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By Yosef Lapid

In an exam of cultural swap within the post-Cold conflict period, this paintings addresses a sequence of questions protecting issues reminiscent of the inability of curiosity in tradition and identification in IR thought, and the case for rethinking the modern theoretical succeed in of the techniques.

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Extra info for The Return of Culture and Identity in IR Theory

Sample text

The Versailles conferees tried to limit the principle to the Hapsburg and Ottoman empires, which, because of their polyglot character, were the worst places to start. The result set the stage for World War I I and is echoed in current B alkan conflicts. The self-determination principle was also enshrined in the UN Charter, where it was invoked after 1 945 in sup­ port of Third World independence movements. Decolonization proceeded despite the fact that the only unity in evidence in some cases was that imposed by arbitrary colonial boundaries.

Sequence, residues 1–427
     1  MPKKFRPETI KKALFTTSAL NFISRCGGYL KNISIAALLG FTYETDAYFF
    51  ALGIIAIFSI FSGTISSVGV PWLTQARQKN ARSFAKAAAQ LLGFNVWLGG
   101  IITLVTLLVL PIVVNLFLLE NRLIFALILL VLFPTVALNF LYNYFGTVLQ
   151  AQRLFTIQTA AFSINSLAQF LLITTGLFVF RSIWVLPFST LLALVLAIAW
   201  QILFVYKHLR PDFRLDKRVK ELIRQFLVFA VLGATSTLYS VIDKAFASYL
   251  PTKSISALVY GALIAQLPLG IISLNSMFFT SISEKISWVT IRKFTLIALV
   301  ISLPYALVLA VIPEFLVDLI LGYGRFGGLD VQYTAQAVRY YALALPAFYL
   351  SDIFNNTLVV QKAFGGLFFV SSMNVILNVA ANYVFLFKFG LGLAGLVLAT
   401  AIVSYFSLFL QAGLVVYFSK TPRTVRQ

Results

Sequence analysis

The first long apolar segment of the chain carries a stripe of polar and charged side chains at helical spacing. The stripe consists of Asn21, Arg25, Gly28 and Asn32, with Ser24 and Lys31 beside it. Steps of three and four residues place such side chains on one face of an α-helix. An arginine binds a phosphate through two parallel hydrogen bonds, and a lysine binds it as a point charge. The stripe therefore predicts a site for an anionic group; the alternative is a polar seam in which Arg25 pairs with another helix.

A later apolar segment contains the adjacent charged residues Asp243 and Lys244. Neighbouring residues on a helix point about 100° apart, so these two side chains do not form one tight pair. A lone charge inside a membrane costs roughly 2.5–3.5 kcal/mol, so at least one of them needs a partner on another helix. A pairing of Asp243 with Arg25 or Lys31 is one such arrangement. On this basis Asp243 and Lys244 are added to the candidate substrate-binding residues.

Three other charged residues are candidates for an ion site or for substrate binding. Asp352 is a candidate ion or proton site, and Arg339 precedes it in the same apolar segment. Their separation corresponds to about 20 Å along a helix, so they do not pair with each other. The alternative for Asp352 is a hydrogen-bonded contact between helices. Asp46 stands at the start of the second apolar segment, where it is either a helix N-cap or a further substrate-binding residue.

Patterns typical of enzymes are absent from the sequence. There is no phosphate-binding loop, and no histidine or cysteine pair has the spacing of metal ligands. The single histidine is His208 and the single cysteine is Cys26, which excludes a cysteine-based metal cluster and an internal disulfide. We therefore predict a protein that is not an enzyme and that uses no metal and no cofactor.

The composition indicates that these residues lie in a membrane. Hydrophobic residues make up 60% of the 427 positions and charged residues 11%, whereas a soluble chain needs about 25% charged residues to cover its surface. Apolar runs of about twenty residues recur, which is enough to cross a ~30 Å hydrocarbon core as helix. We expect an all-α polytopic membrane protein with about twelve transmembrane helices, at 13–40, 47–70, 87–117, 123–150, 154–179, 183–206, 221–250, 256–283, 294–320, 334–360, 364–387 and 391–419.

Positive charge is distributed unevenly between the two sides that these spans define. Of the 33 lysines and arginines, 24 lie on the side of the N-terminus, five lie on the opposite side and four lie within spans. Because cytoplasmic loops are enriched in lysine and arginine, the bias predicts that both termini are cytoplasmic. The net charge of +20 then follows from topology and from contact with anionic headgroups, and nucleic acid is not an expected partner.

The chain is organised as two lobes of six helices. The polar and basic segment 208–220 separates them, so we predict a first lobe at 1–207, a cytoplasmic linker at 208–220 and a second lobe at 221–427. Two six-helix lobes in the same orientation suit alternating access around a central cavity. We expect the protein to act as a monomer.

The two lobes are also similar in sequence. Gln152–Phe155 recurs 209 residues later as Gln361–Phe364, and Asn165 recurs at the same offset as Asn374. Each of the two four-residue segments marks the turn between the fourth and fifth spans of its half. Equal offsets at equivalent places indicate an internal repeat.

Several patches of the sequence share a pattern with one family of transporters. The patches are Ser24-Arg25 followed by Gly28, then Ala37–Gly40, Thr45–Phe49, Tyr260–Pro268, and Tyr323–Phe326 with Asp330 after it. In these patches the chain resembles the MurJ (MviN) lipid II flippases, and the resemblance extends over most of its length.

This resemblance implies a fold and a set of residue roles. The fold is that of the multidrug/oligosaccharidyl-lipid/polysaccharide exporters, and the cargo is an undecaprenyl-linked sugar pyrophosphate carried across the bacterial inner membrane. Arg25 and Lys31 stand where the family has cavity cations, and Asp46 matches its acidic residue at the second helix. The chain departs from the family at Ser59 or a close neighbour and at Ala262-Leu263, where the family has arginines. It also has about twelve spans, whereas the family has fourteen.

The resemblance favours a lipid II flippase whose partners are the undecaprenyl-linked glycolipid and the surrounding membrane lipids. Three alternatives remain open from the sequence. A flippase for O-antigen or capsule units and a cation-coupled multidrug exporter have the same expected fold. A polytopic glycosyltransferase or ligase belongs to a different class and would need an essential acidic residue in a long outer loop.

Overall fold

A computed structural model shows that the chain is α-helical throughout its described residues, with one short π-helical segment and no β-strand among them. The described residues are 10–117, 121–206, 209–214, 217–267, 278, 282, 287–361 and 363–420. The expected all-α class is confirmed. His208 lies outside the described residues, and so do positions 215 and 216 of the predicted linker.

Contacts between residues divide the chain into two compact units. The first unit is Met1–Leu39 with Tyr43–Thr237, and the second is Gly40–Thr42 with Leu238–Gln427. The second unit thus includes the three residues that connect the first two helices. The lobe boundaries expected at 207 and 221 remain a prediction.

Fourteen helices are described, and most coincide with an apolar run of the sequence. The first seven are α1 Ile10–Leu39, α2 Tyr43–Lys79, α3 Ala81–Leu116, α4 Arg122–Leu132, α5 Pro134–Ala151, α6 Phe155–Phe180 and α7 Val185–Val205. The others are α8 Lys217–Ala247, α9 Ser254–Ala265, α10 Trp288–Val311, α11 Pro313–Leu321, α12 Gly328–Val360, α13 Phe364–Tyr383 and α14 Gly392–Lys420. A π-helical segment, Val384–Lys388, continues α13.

In later years, of course, the United States attracted immigrants of so many ethnicities that the only possible "American" ethnos was one based on myths of individual liberty and democratic citizenship. The American experience points up the fact that democracy is a brilliant ideo­ logical invention, not least because it does not demand that citizens give up their ethnic, religious, or other loyalties, unless those threaten the democra­ tic process itself. It is significant, for example, that rioting blacks in urban ghettos demand not a separate state but a share of the pie promised by their status as Americans.

As Peters and I DENTITIES AND LOYALTIES IN GLOBAL POLITICS 41 Peters explain, there are "at least three large games being played" in Europe today. One is a "coping with interdependence" game in which governments seek "to extract as much as possible from the EC, while relinquishing as lit­ tle . . " Another involves competition among European institu­ tions themselves. " Twenty-three directorates-general develop ''their own organizational cultures and approaches to policy," compete for �'policy space," and attempt to establish "their own working relationships .

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